It depends on where the other parent is located. If the other parent is in Nevada, then you do not need permission to return to Nevada. Otherwise, the permission you got to move to Texas does NOT apply for you to move to any other state. Keep in mind that any significant change in location will require a change in the visitation schedule.
Responses are for general information purposes only, and are based on the extremely limited facts given. A consultation with an attorney experienced in the area of law(s) indicated in the question is highly recommended. Information and advice given here should not be relied upon for any final action or decision, as the information is limited by its nature to the question asked and the fact(s) presented in that question. THIS RESPONSE DOES NOT CREATE AN ATTORNEY/CLIENT RELATIONSHIP, particularly considering that the names of the parties are unknown.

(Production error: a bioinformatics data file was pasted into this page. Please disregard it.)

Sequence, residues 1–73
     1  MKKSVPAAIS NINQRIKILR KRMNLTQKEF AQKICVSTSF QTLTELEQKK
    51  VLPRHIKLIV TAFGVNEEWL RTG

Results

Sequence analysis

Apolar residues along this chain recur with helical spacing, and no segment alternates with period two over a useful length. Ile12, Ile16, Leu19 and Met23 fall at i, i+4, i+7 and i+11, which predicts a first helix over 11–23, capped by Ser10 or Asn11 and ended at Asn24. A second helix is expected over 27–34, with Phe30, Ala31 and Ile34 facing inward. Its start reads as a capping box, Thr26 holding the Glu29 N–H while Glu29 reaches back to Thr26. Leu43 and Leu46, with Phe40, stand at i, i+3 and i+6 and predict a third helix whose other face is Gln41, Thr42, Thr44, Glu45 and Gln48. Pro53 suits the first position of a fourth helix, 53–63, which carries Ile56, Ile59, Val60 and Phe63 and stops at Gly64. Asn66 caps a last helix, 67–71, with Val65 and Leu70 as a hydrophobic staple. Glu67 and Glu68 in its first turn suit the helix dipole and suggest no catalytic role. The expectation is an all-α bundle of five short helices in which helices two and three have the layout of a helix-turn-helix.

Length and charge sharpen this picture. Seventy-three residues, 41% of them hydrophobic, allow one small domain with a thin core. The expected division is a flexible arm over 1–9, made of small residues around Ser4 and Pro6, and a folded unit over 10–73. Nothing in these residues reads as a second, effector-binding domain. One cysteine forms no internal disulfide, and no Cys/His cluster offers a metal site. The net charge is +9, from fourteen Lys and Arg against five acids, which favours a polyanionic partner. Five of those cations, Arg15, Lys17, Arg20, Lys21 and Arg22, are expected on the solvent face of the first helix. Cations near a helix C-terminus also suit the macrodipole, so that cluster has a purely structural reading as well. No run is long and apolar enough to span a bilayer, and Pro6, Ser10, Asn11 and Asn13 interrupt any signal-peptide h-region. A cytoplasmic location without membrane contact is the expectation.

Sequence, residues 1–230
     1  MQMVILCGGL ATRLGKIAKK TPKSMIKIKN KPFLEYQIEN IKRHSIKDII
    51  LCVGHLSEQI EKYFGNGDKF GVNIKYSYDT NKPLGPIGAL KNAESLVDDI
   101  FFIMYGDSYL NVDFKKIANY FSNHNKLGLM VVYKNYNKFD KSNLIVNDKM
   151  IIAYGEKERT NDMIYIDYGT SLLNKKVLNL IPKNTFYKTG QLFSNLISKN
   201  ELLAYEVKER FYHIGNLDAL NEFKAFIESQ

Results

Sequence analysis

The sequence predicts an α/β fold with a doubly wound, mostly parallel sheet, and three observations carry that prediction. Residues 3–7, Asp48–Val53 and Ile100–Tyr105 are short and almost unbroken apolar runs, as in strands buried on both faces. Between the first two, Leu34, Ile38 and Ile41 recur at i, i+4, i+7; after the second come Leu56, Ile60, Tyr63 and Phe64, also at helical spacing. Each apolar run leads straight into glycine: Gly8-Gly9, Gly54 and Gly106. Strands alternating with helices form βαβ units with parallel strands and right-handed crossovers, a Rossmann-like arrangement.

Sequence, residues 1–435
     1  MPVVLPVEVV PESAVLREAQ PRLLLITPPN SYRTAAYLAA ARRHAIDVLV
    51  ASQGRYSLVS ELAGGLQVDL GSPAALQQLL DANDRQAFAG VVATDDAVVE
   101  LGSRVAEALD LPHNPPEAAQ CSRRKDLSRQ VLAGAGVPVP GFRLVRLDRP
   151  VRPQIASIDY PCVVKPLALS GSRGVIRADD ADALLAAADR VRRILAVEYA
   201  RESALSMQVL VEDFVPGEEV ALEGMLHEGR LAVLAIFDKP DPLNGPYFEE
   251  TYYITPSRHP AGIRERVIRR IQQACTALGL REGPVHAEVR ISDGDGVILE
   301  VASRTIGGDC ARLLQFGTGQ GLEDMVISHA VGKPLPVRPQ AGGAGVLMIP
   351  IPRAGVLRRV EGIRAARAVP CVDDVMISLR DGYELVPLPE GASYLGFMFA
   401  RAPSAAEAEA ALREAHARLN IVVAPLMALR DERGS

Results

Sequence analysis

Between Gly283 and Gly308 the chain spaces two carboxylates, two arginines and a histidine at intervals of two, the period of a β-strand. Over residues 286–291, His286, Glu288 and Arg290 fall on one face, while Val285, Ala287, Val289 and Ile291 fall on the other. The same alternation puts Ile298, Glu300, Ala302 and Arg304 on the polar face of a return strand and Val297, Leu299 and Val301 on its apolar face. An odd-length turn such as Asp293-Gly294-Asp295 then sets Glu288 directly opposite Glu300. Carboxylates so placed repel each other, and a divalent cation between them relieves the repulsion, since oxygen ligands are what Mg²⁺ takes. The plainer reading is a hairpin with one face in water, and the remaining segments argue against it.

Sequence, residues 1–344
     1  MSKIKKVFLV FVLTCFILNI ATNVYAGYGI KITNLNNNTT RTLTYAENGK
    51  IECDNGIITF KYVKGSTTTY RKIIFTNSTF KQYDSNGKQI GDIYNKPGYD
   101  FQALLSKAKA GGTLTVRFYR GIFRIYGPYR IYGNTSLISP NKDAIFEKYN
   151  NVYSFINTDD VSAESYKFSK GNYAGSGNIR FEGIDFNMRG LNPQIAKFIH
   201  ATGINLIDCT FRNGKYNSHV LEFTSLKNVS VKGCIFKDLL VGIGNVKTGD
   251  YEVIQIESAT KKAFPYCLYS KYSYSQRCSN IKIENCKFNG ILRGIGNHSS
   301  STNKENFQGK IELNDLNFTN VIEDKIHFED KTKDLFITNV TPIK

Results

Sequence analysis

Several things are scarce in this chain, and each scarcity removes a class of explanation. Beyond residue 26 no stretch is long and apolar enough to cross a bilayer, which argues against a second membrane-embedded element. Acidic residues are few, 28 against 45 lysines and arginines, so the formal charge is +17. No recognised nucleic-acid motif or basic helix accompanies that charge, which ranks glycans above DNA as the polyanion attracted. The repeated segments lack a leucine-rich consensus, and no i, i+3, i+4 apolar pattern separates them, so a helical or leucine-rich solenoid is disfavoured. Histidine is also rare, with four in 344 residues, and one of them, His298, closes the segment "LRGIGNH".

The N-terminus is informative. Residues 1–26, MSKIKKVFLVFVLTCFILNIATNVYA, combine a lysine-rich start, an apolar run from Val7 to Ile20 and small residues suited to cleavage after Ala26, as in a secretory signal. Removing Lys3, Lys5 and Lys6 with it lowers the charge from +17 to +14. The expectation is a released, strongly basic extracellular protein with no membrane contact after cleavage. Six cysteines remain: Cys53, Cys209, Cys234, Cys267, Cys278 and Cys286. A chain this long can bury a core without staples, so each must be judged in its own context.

It may also be affected by any orders from Texas, if the prior order was domesticated and the Texas court took home-state jurisdiction. If the relocating parent did not get permission from the Texas court, then they would be expected to return to the Nevada courts to obtain permission and to assure that the visitation schedule was modified accordingly. Of course, you can alway consent to the move yourself, which would put home-state jurisdiction back in Nevada (assuming a 6 month residency requirement were met), making enforcement of a Nevada order just that much easier.
The order allowing the parent to relocate to Texas does not extend to any future relocation. If both parents agree to the relocation, then get it writing. If the non-moving parent disagrees, then the moving parent will need a court's permission to relocate.
Sign up to receive a 3-part series of useful information and advice about child custody law.